As part of Mx3’s Collectif, in which we feature the work of our partners (see more here), Matt D’Cruz of Martin Tripp Associates outlines why – in the age of AI – every company will need to bring in transformative leaders who can instill their knowledge throughout the company, and train the next generation.
Artificial Intelligence heralds a change as profound, if not more so, than the advent of the internet 25 years ago.
We have spent months talking to CTOs, commercial and strategy leaders, and some of the few AI leaders that are currently out there. There are deep questions still unanswered. What will happen to human creativity? Will AI destroy more jobs than it creates? What kind of jobs will it create? But a clear consensus is emerging around a few key areas:
There’s going to be a lot less free content around
One recurring theme from our conversations is that content owners will start putting more and more behind the paywall, particularly if they can’t charge AI owners for use of their IP.
But are users ready for a subscriptions-heavy future? And will they value that content enough to pay for it if there’s even a suspicion it’s been written by an AI? The rise in both B2B and consumer subscription models suggests that the appetite is there – if the content is strong enough.
Brands that have taken care to cultivate the trust of their audience will see it pay real dividends. Those that haven’t, or that are seen as dispensable, could be in trouble. These concerns should be at the centre of any content strategy worthy of the name.
Your AI strategy should work in the service of your underlying business strategy, not the other way round
As a business, your core identity and your strategic goals should not change, although AI will be an invaluable tool to help achieve them. Any AI strategy that sits off to the side of the rest of the organisation is doomed to fail.
Success will be about how you leverage new capabilities to do things you’d previously never been able to do, but also how to reach your core underlying goals in a way that is more efficient and, very likely, much faster.
But the inherent DNA and aims of your brand should remain the same. Unless you are an entirely new product, your credibility has been built up over years: use AI to enhance it, not undermine it.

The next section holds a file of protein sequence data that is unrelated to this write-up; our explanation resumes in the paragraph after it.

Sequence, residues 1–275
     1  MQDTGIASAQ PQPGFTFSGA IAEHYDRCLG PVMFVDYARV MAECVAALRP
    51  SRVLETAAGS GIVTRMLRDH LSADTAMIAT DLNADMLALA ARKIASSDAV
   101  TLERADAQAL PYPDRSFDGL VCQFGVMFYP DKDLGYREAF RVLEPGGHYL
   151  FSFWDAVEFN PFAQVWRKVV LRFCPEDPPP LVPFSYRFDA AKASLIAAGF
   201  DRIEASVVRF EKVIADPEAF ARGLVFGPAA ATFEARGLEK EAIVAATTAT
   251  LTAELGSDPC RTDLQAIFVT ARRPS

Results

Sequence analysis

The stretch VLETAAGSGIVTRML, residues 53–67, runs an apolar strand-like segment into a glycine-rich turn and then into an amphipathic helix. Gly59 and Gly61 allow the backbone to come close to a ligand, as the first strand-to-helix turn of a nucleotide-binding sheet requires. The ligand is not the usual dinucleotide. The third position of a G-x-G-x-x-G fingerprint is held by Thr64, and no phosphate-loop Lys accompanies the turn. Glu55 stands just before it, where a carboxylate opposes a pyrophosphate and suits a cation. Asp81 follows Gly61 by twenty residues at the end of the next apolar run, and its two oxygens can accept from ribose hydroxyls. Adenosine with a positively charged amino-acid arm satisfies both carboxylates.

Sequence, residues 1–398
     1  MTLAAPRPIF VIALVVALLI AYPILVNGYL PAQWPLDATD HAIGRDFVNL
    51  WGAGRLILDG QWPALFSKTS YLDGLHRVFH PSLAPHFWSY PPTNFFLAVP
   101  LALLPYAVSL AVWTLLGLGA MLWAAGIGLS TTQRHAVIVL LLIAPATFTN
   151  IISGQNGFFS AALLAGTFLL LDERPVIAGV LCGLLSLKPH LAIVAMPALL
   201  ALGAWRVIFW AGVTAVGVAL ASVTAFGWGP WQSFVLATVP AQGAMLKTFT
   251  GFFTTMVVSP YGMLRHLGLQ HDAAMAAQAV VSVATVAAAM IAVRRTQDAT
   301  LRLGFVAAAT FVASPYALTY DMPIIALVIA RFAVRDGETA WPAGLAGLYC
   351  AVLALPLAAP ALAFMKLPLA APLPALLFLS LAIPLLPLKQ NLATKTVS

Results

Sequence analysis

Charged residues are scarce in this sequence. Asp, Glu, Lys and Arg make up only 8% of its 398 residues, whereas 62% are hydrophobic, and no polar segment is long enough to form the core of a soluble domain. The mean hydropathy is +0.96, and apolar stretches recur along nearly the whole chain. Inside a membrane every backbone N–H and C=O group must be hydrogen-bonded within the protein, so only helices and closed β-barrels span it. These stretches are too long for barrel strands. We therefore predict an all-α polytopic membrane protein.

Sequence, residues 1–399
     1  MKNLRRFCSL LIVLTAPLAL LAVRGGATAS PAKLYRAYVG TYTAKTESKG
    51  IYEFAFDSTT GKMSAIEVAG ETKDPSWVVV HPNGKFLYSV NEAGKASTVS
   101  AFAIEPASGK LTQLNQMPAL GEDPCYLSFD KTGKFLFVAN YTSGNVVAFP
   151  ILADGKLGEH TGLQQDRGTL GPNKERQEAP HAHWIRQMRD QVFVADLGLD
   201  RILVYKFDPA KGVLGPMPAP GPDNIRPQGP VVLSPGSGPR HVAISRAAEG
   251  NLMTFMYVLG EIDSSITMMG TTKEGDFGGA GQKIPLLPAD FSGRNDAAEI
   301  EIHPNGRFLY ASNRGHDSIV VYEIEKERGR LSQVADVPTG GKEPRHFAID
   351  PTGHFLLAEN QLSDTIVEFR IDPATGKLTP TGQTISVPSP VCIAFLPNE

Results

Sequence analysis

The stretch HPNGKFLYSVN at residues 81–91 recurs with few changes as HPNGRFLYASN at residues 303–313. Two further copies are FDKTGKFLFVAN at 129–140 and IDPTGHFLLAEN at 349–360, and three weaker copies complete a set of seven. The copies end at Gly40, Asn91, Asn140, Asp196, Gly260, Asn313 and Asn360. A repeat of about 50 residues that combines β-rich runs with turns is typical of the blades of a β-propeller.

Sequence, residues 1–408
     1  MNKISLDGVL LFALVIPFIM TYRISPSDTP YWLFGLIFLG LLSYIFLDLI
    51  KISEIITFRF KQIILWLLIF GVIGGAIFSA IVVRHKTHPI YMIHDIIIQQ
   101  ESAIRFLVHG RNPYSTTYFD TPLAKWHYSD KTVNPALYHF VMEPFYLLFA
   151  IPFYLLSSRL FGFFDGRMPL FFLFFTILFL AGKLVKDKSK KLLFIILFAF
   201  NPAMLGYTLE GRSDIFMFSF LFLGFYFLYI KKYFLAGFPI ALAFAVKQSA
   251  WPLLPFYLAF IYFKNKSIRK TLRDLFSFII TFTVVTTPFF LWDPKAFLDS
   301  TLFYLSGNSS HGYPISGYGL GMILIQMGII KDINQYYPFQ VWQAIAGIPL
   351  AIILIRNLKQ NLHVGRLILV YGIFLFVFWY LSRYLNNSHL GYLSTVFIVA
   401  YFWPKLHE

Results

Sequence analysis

No more disruptors-in-chief. Your organisation needs educators and influencers
20 years ago, most content organisations had a Head of Digital tasked with driving transformation: and we have all heard horror stories of self-styled ‘disruptors-in-chief’ who came in with no understanding of the business they were trying to change. All they did was create fear or confusion. In many cases, the body rejected the organ.
Other businesses succeeded. They brought in people who were technologically enabled, but were educators, collaborators, and empathetic colleagues. And the same applies to the AI challenge: there are simply not enough AI experts to fill the roles needed. Every company will need to bring in transformative leaders who can instill their knowledge throughout the company, and train the next generation.
Of course, this person will need to be strategic, data driven, with an in-depth understanding of emerging AI technology and its capability. But they will also be able to influence across multiple departments without alienating key players. They should be able to continuously explain WHY this journey is necessary, and bring people with them as the journey changes direction.
If your AI leader can’t articulate the opportunity both to the board and to team members, then all the investment will be wasted – and your business could be set back by years.
Don’t forget the role of the human in all this